Ike Aftermath

Yeah, that one was pretty much no-friggin' joke. More to follow later, but most everybody I know is pretty much intact and happy to be that way. One friend of a friend got a tree through the house, but he and his family were away, so that's some kind of blessing. Still lots of issues with power, water, and fuel in general, but I'm staying with folks who have the first two and who live far enough on the edge of town that the third one will be more readily available when the need really arises later in the week.

Until I can find time to post again with more details (including an interesting thought or three about hurricane physics), y'all should really check out this Doonesbury from Sunday. Great punchline.


Hellooooo Soapbox!

Wow, thanks for the intro, Ethan! I confess that I've been keeping tabs on soapbox for a few months now, but haven't taken the initiative to get in touch with Nathaniel and learn how to log on. Thanks to Mike's thesis defense, I had the opportunity to introduce myself to Nathaniel, which I did with remarkable poise and grace.

Anyway, I look forward to posting frequently and commenting regularly. I can't wait to choose my categories! Also, I had a fabulous time at Brian's wedding, and if you want to hear more about it you should talk to Tim (totally sober), to me (mostly sober), to Joel (OK!?!), or to Chris (...).


Smoke on the water

Sorry to all for the lack of an update this past week, but things have been a little busy. The last couple days have seen an improvement in the weather, but basically the reason why the fires were so bad earlier in the week was that we had "Santa Ana" weather conditions: hot, dry, strong winds coming from the East, right off the desert. Throw in the fact that we've had something like 25% of the normal rainfall this summer/fall, and 80 mph winds are going to make any fire burn pretty intensely.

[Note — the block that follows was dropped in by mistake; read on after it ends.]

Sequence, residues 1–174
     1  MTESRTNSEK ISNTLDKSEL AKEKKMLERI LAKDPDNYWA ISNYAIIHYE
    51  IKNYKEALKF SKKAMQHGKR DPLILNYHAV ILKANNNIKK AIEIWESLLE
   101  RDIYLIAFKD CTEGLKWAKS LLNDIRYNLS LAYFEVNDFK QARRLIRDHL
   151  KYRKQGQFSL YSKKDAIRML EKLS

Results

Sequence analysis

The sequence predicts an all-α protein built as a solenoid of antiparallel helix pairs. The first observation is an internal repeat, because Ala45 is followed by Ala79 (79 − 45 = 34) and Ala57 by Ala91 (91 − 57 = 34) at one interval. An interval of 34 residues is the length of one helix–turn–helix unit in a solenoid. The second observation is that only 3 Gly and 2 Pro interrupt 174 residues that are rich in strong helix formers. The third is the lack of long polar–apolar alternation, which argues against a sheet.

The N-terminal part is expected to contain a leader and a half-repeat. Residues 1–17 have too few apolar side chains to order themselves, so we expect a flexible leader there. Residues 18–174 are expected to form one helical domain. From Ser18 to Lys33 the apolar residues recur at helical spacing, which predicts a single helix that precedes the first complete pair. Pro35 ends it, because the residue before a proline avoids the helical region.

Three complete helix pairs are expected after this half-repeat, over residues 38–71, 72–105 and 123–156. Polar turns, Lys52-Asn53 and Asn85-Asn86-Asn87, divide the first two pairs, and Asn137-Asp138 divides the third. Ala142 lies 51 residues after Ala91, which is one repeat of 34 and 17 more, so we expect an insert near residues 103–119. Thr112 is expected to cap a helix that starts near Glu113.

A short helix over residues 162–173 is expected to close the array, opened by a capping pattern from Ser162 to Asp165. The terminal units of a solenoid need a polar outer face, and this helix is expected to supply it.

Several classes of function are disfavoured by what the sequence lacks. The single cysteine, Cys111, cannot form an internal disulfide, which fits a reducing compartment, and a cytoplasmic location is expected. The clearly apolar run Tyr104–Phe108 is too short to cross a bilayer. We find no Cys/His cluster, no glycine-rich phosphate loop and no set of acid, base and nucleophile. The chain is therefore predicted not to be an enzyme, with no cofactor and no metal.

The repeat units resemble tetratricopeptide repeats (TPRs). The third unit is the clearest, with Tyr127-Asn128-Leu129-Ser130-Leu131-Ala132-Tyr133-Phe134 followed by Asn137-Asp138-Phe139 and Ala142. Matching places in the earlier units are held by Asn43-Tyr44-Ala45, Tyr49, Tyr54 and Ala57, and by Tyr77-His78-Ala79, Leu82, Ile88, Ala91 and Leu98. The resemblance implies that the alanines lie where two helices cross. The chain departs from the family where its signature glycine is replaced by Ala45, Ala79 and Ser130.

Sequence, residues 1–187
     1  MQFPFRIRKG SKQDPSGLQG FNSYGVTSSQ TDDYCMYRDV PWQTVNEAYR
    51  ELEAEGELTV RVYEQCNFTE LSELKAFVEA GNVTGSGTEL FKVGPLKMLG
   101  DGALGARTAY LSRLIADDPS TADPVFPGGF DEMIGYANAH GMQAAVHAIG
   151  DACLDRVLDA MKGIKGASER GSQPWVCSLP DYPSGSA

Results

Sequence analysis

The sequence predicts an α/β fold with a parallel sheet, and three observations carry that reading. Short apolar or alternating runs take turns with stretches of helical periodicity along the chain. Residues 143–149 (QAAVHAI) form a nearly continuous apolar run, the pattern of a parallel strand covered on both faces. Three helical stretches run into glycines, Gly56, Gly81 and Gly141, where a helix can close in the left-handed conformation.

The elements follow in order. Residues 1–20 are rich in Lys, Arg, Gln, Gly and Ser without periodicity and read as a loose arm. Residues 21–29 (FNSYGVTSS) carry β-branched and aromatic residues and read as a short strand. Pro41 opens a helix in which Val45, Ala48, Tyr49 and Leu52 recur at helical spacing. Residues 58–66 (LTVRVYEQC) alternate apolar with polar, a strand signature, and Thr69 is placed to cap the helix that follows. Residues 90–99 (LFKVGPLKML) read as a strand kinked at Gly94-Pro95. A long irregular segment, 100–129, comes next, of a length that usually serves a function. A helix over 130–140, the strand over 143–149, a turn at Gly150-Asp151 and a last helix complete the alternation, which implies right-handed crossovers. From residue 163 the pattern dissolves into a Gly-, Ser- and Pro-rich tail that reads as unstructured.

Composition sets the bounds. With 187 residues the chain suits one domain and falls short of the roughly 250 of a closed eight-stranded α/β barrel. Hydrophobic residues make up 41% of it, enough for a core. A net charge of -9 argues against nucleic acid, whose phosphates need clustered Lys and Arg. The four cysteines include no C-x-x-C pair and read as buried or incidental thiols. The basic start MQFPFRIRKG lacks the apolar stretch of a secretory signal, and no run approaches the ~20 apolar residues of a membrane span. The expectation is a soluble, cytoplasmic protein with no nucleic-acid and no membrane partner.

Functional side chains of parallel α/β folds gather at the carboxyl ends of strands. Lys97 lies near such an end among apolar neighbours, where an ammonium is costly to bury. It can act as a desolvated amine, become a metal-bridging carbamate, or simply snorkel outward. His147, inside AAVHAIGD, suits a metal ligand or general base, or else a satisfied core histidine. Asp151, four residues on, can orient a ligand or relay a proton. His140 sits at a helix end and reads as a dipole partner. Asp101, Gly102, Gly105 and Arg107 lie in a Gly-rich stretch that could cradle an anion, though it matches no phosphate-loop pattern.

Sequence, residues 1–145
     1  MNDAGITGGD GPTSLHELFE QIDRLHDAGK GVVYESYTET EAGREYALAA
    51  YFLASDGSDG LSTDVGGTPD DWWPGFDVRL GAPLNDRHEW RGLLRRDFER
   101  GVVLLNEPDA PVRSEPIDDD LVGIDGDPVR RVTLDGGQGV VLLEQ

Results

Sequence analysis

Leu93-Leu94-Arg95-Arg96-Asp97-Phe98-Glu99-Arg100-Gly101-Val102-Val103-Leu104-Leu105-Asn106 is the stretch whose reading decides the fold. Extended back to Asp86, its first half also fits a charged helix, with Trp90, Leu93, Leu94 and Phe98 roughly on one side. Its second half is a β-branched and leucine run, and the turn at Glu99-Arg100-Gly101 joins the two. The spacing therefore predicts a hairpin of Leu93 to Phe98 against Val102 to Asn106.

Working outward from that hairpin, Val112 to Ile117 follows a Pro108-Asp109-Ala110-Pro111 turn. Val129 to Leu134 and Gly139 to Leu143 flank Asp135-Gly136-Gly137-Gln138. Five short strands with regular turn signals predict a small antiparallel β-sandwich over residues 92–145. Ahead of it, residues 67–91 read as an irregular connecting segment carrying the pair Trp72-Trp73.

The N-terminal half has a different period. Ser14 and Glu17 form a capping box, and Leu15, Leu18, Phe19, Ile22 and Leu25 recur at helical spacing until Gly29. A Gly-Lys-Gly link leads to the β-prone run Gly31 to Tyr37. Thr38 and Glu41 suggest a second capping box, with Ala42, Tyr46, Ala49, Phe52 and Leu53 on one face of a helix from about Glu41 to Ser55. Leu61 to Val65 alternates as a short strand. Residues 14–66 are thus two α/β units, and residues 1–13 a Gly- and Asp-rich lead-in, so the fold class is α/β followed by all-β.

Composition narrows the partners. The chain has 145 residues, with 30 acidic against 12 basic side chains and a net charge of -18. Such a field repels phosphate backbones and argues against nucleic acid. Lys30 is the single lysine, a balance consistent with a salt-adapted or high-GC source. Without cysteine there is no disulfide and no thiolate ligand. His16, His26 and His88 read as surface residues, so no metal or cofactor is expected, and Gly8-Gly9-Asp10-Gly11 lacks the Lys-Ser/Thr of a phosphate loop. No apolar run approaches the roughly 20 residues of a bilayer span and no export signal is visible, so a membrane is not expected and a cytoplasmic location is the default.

So, what started out as large-but-not-crazy-fires grew very quickly, and more importantly jumped around - all it took was one burning palm frond or tumbleweed to get blown a quarter-mile downwind, and all of the sudden the fire took off at that point. What really freaked people out was Friday night/Saturday morning, when the fire zoomed several miles and jumped I-15, a billion-lane freeway. So, I don't know the total, but well over a half-million people were evacuated. Part of the Miramar airbase to our immediate East was evacuated, but the UCSD campus wasn't touched, we just had a constant rain of ash, and breathing sucked. (K said it reminder her of Katmandu, where she had a chonic cough for the 6 weeks she was there, but cleared up within an hour of leaving the city.) Some places farther closer to the fires/more directly downwind got an inch+ of ash, like a powdery snow (that would choke you if you took a step).

Here's another description, if you feel like reading. The days kinda run together for me - Mary says she didn't notice it until Sunday, I noticed it Friday afternoon but we're on the top of a hill. As of yesterday they started opening up some of the evac areas, but even though they can go back in, the water is polluted/shut off, and things are a mess. There was a lot of charity this past week, hopefully people remember that it's still needed.

Finally, a big thank you to all the firefighters, local and from Norcal, Wyoming, Oregon, etc.